Check out this video for fascinating insights regarding our need for rest.

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Common Causes for Lack of Sleep

Recent research has investigated the causes of poor sleep, sleep deprivation, and chronic sleep deprivation in various populations. The following are all factors in sleep disruption (Khemka et al., 2020; Lubas et al., 2019):

  • Work and study schedules — shift work, night shifts, and irregular working hours
  • Conflict — disagreements involving families and romantic relationships
  • Mental health conditions — such as anxiety and depression
  • Excessive social media usage — particularly the use of social media late at night, which impacts sleep patterns
  • Alcohol consumption — particularly when excessive
  • Caffeine — stays in the system for several hours
  • Poor sleep hygiene — lack of regular sleep schedules and exposure to stimulating activities before bedtime
  • Environmental factors — too much noise, light, and even the wrong temperature (too warm or too cold)
  • High stress — work, study, or relational stress
  • Medical conditions — chronic pain, sleep apnea, gastrointestinal issues, and neurological disorders
  • Medications — certain medicines, such as antidepressants and stimulants
  • Hormonal changes — specific life stages, such as puberty, pregnancy, and menopause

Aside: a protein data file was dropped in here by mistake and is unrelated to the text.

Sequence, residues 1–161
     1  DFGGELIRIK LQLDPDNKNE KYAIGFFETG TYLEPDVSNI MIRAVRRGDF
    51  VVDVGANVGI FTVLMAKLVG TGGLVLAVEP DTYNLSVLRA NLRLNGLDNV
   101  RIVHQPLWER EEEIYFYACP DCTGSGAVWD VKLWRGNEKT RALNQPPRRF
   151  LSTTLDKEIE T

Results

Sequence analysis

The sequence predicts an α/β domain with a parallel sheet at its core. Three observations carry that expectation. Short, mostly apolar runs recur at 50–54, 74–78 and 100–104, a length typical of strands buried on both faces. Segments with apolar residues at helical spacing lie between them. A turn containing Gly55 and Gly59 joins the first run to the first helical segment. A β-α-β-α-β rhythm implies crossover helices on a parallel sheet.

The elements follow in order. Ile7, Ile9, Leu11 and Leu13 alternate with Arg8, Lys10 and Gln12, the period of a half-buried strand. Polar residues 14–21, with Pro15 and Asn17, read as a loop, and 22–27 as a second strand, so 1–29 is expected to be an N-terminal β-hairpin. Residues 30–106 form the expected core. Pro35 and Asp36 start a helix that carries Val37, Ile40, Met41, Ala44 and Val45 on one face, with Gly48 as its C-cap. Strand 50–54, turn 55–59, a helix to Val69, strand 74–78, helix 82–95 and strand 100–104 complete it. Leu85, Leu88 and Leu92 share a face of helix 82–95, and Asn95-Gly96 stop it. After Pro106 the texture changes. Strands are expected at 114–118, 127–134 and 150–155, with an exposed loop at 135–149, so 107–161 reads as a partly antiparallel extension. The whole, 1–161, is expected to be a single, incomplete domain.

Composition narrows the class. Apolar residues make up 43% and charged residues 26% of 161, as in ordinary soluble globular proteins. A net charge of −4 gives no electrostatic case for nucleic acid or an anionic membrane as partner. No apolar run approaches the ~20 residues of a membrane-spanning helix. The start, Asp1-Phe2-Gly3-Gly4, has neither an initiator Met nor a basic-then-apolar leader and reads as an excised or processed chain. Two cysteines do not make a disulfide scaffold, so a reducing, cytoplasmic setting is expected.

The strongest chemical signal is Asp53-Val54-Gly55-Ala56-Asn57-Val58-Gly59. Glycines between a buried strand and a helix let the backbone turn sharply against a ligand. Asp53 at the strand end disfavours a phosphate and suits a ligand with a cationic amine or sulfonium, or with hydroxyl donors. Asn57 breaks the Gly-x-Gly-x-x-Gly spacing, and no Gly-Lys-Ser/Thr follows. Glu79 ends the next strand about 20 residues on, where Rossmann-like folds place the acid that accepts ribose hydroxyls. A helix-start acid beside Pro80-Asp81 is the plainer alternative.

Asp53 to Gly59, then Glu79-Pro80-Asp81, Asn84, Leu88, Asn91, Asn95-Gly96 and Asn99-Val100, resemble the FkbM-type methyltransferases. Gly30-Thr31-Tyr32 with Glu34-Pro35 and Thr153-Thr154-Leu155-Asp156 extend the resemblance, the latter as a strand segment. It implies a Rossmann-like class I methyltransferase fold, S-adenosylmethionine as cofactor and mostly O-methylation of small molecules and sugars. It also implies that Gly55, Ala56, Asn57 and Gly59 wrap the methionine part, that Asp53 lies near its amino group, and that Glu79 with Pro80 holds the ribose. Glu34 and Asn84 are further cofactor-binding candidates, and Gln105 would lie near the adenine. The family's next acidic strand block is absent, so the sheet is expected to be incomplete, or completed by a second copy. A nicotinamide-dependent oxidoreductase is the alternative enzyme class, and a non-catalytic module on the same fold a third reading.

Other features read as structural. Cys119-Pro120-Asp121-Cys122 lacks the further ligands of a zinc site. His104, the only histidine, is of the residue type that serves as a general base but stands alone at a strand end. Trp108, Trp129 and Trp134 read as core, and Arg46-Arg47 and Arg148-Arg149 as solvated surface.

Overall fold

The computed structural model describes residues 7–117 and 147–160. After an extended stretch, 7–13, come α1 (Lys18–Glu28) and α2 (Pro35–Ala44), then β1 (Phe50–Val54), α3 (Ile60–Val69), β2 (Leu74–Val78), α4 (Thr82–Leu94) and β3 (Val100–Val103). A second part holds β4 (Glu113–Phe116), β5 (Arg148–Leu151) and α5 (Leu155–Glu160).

• Sleep disorders — including sleep apnea, restless legs syndrome, and narcolepsy

While not exhaustive, the list above summarizes some of the most common causes for a lack of sleep or interferences to sleep patterns.

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13 Sleep Deprivation Symptoms & 5 Stages

The following is a list of symptoms associated with mild and extreme sleep deprivation. It is unlikely that an individual will have them all but may experience one or more (Khemka et al., 2020; Lubas et al., 2019; Cappuccio et al., 2018; Wolkow et al., 2019):

  1. Daytime sleepiness — feeling drowsy and excessively tired during the day at work, with friends, and studying
  2. Fatigue — a lack of energy or physical and mental exhaustion
  3. Decreased motivation — lowered drive and enthusiasm even for favorite hobbies
  4. Impaired memory and concentration — difficulty paying attention (particularly for long periods) and forgetting important details